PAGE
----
II. The Church is Holy. Holiness is of the essence of the Church. The Church, therefore, cannot cease to be holy without ceasing to exist. As the unity of the Church implies its indivisibility, so the sanctity of the Church implies its incorruptibility. But the Reformation can only be justified by the assertion that the Church had become corrupted. Protestantism, therefore, is founded upon an absurdity. It is not to be supposed that as a Protestant I failed to see this difficulty. But, said I again, it is only a difficulty. The Church in the fifteenth century must have been holy in some divine sense which is not obvious. And so I set myself to work to demonstrate, this time, that the Church could be holy and at the same time not holy. I did not perceive, any more than before, that no absurdity could be greater than to turn what should be a note of the Church into a difficulty to be explained away.
The true Church, then, is holy. It is holy because the Third Person of the Eternal Trinity, who inhabits it, guides it, and controls it, is Holy. The true Church not only has never been reformed, but cannot possibly be reformed. The Council of Trent, as Bossuet somewhere says, feared not the word reformation; but the work accomplished at Trent was a reformation, not of the Church, but by the Church. It was the same which has been done by all Councils from the beginning, for which Councils are assembled, and for which the Church itself was created. The Church is engaged in a perpetual reformation of the degenerating tendencies, the evil passions, and the erring imaginations of men. But the Church itself, in its faith, in the order of its government, and in all its means of grace, is incorruptible, and cannot be reformed. “Men may gird a dome, or reform a political society, but they can no more reform the Church of God than they can give cohesion to the earth, or control the order of the seasons or the precessions of the equinox.” (Cardinal Manning) The Church which Christ loved and for which He gave Himself, which by a divine lustration He has sanctified and cleansed, remains forever holy and without blemish-a glorious Church, not having spot or wrinkle, nor any such thing.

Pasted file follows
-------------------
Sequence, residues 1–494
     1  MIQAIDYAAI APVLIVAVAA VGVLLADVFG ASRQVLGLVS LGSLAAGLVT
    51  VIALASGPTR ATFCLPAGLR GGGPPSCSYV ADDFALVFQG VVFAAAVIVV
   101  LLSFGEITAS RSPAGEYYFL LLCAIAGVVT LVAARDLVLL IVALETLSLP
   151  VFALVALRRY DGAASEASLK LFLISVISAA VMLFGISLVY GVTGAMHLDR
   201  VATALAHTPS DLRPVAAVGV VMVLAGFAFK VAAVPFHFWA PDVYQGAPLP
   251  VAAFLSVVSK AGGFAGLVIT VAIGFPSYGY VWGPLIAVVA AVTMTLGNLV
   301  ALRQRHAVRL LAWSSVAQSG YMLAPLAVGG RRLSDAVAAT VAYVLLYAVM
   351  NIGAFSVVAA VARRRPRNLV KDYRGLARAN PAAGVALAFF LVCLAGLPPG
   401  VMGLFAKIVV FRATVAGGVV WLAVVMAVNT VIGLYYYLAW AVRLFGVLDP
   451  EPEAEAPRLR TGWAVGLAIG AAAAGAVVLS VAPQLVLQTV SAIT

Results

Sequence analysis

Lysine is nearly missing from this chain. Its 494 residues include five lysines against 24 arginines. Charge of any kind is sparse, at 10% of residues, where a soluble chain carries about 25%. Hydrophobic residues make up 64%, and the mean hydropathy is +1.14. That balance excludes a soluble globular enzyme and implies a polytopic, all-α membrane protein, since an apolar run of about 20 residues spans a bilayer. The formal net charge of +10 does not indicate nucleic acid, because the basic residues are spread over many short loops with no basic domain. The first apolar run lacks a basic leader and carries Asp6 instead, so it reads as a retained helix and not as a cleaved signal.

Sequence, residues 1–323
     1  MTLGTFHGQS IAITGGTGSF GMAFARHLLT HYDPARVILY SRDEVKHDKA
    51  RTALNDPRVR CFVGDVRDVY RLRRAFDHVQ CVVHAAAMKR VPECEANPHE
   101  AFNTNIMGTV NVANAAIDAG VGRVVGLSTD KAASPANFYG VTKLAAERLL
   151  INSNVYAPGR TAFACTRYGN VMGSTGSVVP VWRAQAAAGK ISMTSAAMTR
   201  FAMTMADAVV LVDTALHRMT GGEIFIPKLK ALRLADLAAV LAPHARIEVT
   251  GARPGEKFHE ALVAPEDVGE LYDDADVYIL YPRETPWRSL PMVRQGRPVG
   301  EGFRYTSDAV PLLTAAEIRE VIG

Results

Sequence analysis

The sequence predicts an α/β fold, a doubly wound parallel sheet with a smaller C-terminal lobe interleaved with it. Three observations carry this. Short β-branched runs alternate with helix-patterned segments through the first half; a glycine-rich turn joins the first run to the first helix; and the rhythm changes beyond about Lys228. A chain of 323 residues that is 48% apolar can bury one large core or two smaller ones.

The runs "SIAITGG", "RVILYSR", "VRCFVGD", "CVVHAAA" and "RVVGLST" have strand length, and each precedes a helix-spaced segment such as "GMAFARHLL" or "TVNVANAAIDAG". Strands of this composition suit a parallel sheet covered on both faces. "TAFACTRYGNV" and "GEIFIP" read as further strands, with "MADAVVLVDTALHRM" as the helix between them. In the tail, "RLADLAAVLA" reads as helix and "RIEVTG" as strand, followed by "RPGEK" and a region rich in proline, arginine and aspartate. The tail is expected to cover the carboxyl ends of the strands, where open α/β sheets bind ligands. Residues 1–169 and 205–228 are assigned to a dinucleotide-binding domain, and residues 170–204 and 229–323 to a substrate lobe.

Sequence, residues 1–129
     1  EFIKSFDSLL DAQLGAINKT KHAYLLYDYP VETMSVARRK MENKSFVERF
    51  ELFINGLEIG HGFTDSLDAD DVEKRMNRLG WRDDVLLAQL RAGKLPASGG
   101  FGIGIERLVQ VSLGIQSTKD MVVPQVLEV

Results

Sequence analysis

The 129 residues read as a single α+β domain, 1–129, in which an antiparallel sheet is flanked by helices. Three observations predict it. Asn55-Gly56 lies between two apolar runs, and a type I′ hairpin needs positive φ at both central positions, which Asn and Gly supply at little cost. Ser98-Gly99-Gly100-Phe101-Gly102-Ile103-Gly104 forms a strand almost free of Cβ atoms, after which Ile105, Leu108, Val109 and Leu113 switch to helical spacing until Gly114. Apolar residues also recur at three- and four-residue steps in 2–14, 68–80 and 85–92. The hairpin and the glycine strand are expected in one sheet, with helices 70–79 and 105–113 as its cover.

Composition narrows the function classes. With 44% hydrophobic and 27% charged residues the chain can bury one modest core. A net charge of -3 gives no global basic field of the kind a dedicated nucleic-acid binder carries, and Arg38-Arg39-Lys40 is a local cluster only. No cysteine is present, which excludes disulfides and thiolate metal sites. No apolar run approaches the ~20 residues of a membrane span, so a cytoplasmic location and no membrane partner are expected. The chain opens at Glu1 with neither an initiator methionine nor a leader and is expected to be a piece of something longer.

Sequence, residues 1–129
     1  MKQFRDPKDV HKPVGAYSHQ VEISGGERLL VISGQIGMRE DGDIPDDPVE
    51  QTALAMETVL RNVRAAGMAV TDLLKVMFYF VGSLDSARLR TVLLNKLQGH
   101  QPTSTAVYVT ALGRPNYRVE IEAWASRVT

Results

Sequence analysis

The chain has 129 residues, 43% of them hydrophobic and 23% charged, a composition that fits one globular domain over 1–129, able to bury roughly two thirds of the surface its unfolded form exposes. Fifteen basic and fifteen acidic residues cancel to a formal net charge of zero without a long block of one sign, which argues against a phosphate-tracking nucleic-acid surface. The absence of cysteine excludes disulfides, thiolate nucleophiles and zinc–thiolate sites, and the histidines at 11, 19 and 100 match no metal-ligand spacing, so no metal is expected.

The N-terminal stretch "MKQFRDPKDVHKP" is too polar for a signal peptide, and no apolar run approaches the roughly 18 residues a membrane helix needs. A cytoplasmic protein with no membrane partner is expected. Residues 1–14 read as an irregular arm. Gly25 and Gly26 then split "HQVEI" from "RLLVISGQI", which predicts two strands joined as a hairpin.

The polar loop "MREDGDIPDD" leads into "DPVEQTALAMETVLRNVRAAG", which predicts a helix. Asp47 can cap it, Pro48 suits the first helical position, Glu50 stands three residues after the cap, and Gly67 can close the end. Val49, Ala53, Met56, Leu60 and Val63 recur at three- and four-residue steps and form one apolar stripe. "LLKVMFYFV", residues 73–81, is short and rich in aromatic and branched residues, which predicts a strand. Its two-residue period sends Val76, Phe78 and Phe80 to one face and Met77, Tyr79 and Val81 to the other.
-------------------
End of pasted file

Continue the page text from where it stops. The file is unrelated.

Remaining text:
The Church is holy, and its office is to make men holy. By the communication of the merits of Christ, through supernatural channels of grace, man believing is justified. Of unjust he becomes just, receiving the justice of God within him, which the Holy Ghost distributes to every one as He wills, and according to each one’s proper disposition and cooperation. By the merits of the most holy Passion, man receives both the remission of sins, and the infusion of faith, hope, and charity; for faith, unless hope and charity be added thereto, neither unites man perfectly with Christ, nor makes him a living member of His body; for which reason it is most truly said that “Faith without works is dead” and profitless (St. James, 2:20), and “In Christ Jesus neither circumcision availeth anything nor uncircumcision, but faith which worketh by charity (Gal. 5:6). (See Council of Trent, Session Vl, chapter 7.) But Protestantism, having declared the Church itself corrupt, proceeded to deny the effectual operation of grace in the justification of the sinner. Not content with endeavoring to soil the stainless robe of the Spouse of Christ, the Reformers aimed a deadly blow at the principle of divine sanctity in man. With the recklessness that marked all their movements, they announced the new doctrine that when God justifies man He does not do what the word implies that He does; that in fact He does nothing at all, but merely considers as done what His Almighty power does not actually accomplish. In justification man is not made just, but only accounted so.
III. The Church is Catholic. Catholicity is the third note of the Church. I have already spoken of the error of those who make it the first or the second. No one can rightly apprehend the Church’s universality who does not first understand the nature of the Church’s unity. Unitas Catholica, quae toto orbe diffusa est (The Catholic unity which is spread throughout the whole world), is the canon to which St. Augustine holds the Donatists, and by which he annihilates one after another their versatile sophistries. (1. Ep. xliii, al. clxil. cap. 1. Unitas Christi, quae toto orbe diffunditur,— De Bapt. cont. Petil. c. xxiv. Christiana unitas, diJfusa toto orbe terrarum,—Cont. Lit. Petil. I. 1. c. 20. et alibi.) The formula which is to guide us in our work of identification is not, “the Catholic Church is somehow or other One”; but “the Church, which is one and undivided, is also Catholic.” And, read thus, the mark of Catholicity is so plain that “the wayfaring man, though a fool,” cannot err by it. For first there is only one Church which claims to be Catholic, to be the whole Church. All other churches, though absolutely isolated — though between each and all the rest a great gulf is fixed — pretend only to be portions of the universal Church. And, secondly, there is only one Church which is in fact spread throughout all the world (toto orbe diffusa). All churches but one are local. Ubi cadunt ibi remanent (Where they fall there they remain).